All of this so far assumes best case scenarios: you're using an iPad to stream to an Apple TV, you have a robust wireless home network and a broadband connection capable of handling Aereo's highest video quality setting. Using an iPhone to stream results in essentially unwatchable video, while any kind of a network bottleneck or instability (either on your home network or broadband connection) is going to diminish the experience.
And even with close to ideal situations in my apartment, I was somewhat surprised to see recorded programs on Aereo exhibit the kind of occasional break-up that happens with over-the-air TV signals. (To be fair, I only noticed it twice.) However, short of perhaps FiOS, no TV watching experience is truly seamless. My over-the-air signal breaks up sometimes, but not anymore than friends who have cable. The only interruptions that really felt unacceptable were the infrequent, but frustrating, buffering delays. When you're watching a basketball game and all of a sudden it stops to rebuffer the video--taking as along as a full minute or two to start again--it can make a cord-cutter long for that cord. Or at least a real antenna.
Is Aereo really iPad TV?
The more I sat on my couch watching (and listening) to compressed TV, the more I felt compelled to just watch Aereo on the iPad. And that's really where the Aereo shines. The lower quality video isn't as apparent on the iPad's screen and its speakers aren't good enough to make you notice the compressed audio. It's perfect propped up in on the kitchen table to watch news in the morning or in a secondary room where you might not have a TV. There was definitely some disappointment watching Aereo in a home theater environment, but as an iPad TV-watching experience, it's fantastic. (The same can be said about laptop viewing, to a lesser extent.)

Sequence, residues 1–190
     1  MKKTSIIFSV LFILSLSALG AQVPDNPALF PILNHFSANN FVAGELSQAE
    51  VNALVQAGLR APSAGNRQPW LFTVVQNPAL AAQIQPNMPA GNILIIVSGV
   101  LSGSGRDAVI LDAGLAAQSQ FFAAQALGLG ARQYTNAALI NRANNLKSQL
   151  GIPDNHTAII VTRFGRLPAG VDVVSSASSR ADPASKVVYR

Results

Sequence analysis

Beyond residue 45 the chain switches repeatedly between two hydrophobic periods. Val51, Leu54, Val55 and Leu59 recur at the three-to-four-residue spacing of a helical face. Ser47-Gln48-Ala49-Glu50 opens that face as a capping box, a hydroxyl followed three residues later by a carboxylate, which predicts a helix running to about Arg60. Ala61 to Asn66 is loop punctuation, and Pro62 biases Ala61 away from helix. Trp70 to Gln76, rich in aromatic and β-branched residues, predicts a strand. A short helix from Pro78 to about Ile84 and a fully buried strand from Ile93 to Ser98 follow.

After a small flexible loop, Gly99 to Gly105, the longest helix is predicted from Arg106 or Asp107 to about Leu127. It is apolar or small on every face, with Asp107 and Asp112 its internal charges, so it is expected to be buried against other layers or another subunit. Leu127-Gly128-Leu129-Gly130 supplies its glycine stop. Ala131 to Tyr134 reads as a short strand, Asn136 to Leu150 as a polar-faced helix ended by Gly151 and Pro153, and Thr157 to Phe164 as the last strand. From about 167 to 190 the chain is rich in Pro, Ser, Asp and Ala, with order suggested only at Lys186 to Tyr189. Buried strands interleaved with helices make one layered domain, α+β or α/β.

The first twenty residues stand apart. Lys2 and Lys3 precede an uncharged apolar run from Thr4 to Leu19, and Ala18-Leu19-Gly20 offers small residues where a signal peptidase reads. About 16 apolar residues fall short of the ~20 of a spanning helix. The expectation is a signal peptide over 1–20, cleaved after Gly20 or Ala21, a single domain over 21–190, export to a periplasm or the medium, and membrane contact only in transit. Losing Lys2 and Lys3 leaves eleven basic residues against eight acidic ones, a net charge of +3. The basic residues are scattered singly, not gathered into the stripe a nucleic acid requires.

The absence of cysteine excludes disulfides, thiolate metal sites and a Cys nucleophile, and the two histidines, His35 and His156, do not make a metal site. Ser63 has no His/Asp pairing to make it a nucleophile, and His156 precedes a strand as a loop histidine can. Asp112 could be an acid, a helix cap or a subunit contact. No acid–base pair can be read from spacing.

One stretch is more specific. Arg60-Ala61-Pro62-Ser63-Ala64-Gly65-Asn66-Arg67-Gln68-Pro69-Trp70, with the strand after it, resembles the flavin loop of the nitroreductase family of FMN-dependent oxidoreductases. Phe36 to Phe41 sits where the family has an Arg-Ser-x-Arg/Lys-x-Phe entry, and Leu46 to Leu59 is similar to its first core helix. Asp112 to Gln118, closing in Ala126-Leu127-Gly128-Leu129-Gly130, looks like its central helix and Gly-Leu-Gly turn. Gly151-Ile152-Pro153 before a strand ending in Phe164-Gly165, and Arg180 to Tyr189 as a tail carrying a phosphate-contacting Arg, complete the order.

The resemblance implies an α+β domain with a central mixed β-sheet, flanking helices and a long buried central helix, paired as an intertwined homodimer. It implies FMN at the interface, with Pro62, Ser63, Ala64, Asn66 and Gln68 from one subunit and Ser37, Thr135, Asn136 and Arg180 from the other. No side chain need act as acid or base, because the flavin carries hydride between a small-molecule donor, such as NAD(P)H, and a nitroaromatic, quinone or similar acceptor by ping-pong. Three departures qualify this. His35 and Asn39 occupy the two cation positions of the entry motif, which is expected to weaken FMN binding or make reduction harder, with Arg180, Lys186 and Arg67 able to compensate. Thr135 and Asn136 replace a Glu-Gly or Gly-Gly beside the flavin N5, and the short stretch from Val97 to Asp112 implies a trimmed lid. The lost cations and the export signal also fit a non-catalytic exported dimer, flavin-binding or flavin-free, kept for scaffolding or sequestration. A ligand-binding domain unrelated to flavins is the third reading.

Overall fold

If you already find yourself watching TV and streaming video on an iPad or laptop, Aereo makes a lot more sense. (I still prefer like the old-fashioned "couch + TV" experience.)
Is it worth $12 a month?
There's no doubt that Aereo's streaming TV technology is polished and impressive, but whether it's worth $12 a month is another question. The market is already somewhat limited: cable-cutters who own an iPad, want live TV, but aren't willing to hook-up their own antenna. And they'll have to be willing to put up with a subpar experience on sports, especially if they own a large TV.
Aereo could make the barrier to entry a lot lower by designing native apps for platforms like Roku's boxes, Blu-ray players, and game consoles. With dedicated apps, Aereo could ditch the need to do all the navigating on an iPad, letting users simply pick shows and navigate a program guide on the TV, like you do on a traditional DVR. That would make Aereo much more attractive for budget-minded cord-cutters, especially for those who don't get great reception with a traditional antenna.
Aereo has a brilliant idea, but right now the execution feels just short of where it needs to be to truly take off. Luckily, Aereo is accepting invitations for a 30-day free trial starting Wednesday, so you can check out the service yourself if you live in the New York City area.